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A psychologist's thoughts on how and why we play games

Sunday, October 4, 2015

Poor Power at Decent Sample Sizes: Significance Under Duress

Last week, I got to meet Andrew Gelman as he outlined what he saw as several of the threats to validity in social science research. Among these was the fallacious idea of "significance under duress." The claim in "significance under duress" is that, when statistical significance is reached under less-than-ideal conditions, it implies that the underlying effect must be very powerful. While this sounds like it makes sense, this claim does not follow.

Let's dissect the idea by considering the following scenario:

120 undergraduates participate in an experiment to examine the effect of mood on preferences for foods branded as "natural" relative to conventionally-branded foods. To manipulate mood, half of the participants write a 90-second paragraph about a time they felt bad, while the other half write a 90-second essay about a control topic.  The outcome is a single dichotomous choice between two products. Even though a manipulation check reveals the writing manipulation had only a small effect on mood, and even though a single-item outcome provides less power than would rating several forced choices, statistical significance is nevertheless found when comparing the negative-writing group to the neutral-writing group, p = .030. The authors argue that the relationship between mood and preferences for "natural" must be very strong indeed to have yielded significance despite the weak manipulation and imprecise outcome measure.

Even though the sample size is better than most, I would still be concerned that a study like this is underpowered. But why?

Remember that statistical power depends on the expected effect size. Effect size involves both signal and noise. Cohen's d is the difference in means divided by the standard deviation of scores. Pearson correlation is the covariance of x and y divided by the standard deviations of x and y. Noisier measures will mean larger standard deviations and hence, a smaller effect size.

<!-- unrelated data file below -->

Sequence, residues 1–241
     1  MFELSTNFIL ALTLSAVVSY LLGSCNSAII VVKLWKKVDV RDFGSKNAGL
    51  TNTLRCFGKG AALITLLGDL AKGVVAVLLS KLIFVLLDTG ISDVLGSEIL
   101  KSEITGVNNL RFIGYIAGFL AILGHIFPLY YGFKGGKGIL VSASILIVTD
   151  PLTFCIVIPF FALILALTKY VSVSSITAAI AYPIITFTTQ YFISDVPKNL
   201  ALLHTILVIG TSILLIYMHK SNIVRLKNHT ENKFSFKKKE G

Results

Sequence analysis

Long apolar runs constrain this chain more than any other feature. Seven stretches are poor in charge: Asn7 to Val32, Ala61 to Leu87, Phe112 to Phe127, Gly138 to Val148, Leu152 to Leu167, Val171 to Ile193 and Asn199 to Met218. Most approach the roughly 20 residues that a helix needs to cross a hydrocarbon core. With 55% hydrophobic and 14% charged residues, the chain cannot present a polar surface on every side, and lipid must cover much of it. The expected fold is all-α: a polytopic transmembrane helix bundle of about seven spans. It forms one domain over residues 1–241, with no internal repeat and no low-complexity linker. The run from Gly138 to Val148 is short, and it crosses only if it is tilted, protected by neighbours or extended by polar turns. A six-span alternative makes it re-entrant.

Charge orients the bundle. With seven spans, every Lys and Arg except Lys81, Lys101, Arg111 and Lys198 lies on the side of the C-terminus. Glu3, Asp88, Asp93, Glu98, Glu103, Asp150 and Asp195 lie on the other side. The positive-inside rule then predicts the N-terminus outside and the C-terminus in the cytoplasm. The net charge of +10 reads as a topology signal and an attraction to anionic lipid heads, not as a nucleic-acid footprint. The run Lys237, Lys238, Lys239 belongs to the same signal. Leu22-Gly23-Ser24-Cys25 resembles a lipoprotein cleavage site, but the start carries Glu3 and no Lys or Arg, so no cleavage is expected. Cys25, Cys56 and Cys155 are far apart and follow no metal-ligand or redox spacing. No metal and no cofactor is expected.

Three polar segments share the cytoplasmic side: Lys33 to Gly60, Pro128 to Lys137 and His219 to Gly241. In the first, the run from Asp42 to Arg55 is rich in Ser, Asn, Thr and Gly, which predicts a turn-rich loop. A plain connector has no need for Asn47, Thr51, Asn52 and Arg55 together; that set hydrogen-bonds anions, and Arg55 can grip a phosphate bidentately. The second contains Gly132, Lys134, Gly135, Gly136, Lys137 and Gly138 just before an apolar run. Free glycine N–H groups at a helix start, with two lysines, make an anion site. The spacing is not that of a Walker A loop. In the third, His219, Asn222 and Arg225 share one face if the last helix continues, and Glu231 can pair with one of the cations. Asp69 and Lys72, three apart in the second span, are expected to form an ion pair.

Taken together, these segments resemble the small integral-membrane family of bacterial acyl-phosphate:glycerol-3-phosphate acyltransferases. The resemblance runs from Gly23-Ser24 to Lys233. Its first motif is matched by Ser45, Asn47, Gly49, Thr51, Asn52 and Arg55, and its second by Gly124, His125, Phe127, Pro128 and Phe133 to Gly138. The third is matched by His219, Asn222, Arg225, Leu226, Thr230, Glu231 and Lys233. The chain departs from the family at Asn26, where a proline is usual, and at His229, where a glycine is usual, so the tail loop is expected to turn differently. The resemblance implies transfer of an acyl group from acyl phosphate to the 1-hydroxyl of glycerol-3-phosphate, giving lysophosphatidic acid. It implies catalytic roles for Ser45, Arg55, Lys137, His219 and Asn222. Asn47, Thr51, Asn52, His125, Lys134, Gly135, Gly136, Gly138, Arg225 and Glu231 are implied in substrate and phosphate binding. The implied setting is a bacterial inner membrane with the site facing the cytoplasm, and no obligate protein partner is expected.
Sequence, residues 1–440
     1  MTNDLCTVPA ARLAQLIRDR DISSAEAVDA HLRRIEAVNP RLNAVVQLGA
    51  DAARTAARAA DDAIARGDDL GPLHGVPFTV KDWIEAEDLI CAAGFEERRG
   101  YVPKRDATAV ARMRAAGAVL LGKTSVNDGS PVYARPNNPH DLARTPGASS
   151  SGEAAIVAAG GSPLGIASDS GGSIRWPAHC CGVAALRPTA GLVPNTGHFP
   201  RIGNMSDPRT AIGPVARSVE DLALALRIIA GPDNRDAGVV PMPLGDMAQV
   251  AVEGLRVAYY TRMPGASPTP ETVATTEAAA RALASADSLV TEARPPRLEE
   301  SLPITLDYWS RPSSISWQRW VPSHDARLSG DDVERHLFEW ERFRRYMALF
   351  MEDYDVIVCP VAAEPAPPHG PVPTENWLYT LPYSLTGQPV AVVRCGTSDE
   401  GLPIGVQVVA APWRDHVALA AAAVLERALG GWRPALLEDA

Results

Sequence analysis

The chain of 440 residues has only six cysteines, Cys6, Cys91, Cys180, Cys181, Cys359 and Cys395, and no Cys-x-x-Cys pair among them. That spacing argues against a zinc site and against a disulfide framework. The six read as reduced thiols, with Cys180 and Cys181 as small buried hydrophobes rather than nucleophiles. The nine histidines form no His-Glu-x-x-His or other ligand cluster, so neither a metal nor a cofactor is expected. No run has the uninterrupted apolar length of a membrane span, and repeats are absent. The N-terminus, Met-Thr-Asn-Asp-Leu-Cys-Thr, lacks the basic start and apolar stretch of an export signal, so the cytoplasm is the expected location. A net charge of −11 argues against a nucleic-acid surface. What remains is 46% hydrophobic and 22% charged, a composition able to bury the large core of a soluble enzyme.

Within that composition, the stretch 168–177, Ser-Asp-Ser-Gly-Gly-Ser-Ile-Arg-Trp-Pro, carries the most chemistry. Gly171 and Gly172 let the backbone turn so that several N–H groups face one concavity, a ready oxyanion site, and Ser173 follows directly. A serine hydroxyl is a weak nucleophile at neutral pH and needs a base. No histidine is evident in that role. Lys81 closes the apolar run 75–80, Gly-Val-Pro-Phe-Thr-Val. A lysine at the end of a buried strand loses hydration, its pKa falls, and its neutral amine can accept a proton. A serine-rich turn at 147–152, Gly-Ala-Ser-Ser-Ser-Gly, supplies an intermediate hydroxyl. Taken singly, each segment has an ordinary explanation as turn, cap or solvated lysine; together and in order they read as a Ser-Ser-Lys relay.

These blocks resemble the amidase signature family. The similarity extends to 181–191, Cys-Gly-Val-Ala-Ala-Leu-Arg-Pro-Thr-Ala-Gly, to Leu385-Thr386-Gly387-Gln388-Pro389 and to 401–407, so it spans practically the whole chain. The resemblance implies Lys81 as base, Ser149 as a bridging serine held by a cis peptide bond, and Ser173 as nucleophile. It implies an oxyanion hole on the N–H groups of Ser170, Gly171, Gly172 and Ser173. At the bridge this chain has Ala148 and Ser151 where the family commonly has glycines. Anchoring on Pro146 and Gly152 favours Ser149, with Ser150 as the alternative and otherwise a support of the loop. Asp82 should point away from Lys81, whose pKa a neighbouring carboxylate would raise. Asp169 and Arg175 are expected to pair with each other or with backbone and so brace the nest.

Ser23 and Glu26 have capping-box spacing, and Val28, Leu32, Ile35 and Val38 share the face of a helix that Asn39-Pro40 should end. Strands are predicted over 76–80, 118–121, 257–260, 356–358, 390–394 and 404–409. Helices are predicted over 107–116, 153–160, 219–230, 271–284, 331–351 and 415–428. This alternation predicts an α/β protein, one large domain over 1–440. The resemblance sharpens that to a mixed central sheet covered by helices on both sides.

The effect size is not a platonic distillation of the relationship between the two constructs you have in mind (say, mood and preference for the natural). Instead, it is a ratio of signal to noise between your measures -- here, condition assignment and product choice.


Let's imagine this through the lens of a structural equation model. Italicized and b represent the latent constructs of interest: mood and preference for the natural, respectively. Let's assume their relationship is rho = .4, a hearty effect. x and y are the condition assignment and the outcome, respectively. The path from x to a represents the effect of the manipulation. The path from b to y represents the measurement reliability of the outcome. To tell what the relationship will be between x and y, we multiply each path coefficient as we travel from x to a to b to y.

When the manipulation is strong and the measurement reliable, the relationship between x and y is strong, and power is good. When the manipulation is weak and the measurement unreliable, the relationship is small, and power falls dramatically.

Because weak manipulations and noisy measurements decrease the anticipated effect size, thereby decreasing power, studies can still have decent sample sizes and poor statistical power. Such examples of "significance under duress" should be regarded with the same skepticism as other underpowered studies.

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